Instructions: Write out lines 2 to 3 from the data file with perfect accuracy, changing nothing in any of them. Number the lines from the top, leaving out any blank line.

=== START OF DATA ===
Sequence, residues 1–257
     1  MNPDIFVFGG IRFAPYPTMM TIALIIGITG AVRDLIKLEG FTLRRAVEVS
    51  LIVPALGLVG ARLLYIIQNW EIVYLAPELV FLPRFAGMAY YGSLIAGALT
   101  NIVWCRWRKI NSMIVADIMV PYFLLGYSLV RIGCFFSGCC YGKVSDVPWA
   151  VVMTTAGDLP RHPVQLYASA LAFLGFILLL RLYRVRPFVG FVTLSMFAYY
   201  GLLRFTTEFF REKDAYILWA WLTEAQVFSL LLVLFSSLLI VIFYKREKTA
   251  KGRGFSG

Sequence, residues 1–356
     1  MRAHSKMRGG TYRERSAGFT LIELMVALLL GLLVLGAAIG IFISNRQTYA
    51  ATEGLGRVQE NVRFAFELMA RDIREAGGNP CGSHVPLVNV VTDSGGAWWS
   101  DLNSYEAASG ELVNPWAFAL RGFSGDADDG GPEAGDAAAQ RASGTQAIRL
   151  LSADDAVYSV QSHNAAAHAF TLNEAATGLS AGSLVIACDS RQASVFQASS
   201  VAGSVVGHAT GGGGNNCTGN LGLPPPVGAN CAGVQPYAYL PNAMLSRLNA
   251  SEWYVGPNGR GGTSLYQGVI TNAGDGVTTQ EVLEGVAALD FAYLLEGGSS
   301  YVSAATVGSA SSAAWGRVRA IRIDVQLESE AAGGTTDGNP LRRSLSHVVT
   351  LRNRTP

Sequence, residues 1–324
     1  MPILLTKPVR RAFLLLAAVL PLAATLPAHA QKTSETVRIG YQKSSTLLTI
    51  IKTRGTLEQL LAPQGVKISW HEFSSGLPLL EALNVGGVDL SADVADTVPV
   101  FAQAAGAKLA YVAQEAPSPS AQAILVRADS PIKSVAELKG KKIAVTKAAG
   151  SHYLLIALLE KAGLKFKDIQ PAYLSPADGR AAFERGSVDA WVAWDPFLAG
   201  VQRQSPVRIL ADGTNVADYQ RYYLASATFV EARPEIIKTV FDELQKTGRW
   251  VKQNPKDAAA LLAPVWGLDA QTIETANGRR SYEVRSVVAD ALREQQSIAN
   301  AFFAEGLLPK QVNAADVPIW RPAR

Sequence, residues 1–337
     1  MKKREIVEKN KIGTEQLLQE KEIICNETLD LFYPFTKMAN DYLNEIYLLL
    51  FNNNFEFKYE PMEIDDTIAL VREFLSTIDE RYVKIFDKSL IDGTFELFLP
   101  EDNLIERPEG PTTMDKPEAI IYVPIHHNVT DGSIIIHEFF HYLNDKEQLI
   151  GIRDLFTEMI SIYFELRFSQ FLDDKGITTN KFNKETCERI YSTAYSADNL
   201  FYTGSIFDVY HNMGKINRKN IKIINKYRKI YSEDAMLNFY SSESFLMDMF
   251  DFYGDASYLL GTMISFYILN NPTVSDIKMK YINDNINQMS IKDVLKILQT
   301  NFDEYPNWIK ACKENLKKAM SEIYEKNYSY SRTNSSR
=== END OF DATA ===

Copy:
     1  MNPDIFVFGG IRFAPYPTMM TIALIIGITG AVRDLIKLEG FTLRRAVEVS
    51  LIVPALGLVG ARLLYIIQNW EIVYLAPELV FLPRFAGMAY YGSLIAGALT